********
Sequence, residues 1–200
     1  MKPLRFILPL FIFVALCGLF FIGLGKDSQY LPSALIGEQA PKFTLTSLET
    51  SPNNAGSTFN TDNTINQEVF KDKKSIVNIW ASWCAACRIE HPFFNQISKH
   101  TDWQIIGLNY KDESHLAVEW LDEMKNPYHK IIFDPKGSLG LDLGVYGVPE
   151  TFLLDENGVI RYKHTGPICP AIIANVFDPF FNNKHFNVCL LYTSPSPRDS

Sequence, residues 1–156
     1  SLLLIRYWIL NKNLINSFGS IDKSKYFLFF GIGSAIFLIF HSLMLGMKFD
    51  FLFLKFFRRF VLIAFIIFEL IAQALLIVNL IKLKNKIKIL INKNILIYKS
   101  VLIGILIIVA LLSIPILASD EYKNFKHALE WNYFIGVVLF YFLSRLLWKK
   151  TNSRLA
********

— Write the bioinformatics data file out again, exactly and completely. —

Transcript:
Sequence, residues 1–200
     1  MKPLRFILPL FIFVALCGLF FIGLGKDSQY LPSALIGEQA PKFTLTSLET
    51  SPNNAGSTFN TDNTINQEVF KDKKSIVNIW ASWCAACRIE HPFFNQISKH
   101  TDWQIIGLNY KDESHLAVEW LDEMKNPYHK IIFDPKGSLG LDLGVYGVPE
   151  TFLLDENGVI RYKHTGPICP AIIANVFDPF FNNKHFNVCL LYTSPSPRDS

Sequence, residues 1–156
     1  SLLLIRYWIL NKNLINSFGS IDKSKYFLFF GIGSAIFLIF HSLMLGMKFD
    51  FLFLKFFRRF VLIAFIIFEL IAQALLIVNL IKLKNKIKIL INKNILIYKS
   101  VLIGILIIVA LLSIPILASD EYKNFKHALE WNYFIGVVLF YFLSRLLWKK
   151  TNSRLA